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So I used the following code snippet as part of a larger project,

with open(file) as fin:
    rows = ( line.split() for line in fin )
    d = { row[0]:row[1:] for row in rows }

For a tab delimited input, file. And it works fine on my personal machine, but when I move it over to a shared computing cluster, it doesn't like the 3rd line, d = { row[0]:row[1:] for row in rows }. I've been trying to figure out why.

The only thing I could come up with was a difference in versions of Python. I'm running 2.7.3 and the shared cluster runs 2.6.1, but that doesn't seem totally reasonable - did I miss something totally obvious? I appreciate any advice y'all have.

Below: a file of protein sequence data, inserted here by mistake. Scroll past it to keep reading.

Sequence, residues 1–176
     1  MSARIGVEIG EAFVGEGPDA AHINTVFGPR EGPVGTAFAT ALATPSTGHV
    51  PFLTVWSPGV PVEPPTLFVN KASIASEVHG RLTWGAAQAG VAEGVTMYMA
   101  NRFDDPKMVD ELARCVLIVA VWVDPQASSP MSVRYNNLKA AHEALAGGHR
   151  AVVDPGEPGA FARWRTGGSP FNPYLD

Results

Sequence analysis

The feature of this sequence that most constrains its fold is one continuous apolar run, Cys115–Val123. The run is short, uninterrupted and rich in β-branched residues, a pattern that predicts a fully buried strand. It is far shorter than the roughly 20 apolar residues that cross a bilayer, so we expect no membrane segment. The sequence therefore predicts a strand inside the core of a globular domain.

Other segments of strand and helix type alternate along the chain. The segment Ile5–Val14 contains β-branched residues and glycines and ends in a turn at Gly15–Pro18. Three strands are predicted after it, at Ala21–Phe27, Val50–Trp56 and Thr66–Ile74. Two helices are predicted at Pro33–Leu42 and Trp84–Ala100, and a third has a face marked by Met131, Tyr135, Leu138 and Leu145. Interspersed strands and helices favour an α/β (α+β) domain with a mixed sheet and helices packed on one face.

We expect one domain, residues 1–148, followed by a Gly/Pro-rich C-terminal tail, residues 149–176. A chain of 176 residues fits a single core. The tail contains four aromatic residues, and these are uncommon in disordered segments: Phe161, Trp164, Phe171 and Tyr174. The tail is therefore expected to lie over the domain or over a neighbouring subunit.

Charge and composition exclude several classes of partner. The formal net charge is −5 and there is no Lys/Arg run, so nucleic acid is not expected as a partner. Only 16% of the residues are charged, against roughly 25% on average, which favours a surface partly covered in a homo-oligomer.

Here is the text of the error (in Python 2.6.1 on cluster),

File "Alphabet.py", line 22
  d = { row[0]:row[1:] for row in rows }
                         ^
SyntaxError: invalid syntax
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Edited, text of error added – JamesT Feb 16 '13 at 22:16
up vote 3 down vote accepted

dict comprehension is new in Python 2.7, see PEP 274 http://www.python.org/dev/peps/pep-0274/

From that:

>>> dict([(i, chr(65+i)) for i in range(4)])

is semantically equivalent to

>>> {i : chr(65+i) for i in range(4)}

If you need compatibility with Python before 2.7, use the first version.

share|improve this answer
    
d'oh! You are totally right. I figured it would be something like that--I'm still quite noobish at this. Now it works just fine--thanks! – JamesT Feb 17 '13 at 2:30

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